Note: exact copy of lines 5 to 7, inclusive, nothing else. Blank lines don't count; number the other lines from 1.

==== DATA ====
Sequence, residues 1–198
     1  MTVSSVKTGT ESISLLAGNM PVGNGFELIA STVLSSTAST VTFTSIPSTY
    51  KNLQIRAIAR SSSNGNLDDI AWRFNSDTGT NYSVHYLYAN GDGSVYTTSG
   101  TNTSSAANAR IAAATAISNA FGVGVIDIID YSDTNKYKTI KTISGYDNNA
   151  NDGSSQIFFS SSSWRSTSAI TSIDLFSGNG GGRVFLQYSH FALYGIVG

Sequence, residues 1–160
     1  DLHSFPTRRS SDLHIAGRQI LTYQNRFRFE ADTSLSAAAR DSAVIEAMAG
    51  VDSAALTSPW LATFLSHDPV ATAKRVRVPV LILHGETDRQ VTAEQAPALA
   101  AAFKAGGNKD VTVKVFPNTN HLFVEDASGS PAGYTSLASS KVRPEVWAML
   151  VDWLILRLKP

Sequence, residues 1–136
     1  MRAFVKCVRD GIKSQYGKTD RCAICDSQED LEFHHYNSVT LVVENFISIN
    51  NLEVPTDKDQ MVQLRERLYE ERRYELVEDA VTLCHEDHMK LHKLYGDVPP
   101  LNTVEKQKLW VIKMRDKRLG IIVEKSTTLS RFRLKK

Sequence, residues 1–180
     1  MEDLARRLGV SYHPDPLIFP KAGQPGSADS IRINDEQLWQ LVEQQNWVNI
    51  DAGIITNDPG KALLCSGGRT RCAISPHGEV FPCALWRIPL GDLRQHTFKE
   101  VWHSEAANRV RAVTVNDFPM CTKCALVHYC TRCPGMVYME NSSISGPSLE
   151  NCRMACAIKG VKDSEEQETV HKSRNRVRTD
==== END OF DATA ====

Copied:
   151  NDGSSQIFFS SSSWRSTSAI TSIDLFSGNG GGRVFLQYSH FALYGIVG

Sequence, residues 1–160
     1  DLHSFPTRRS SDLHIAGRQI LTYQNRFRFE ADTSLSAAAR DSAVIEAMAG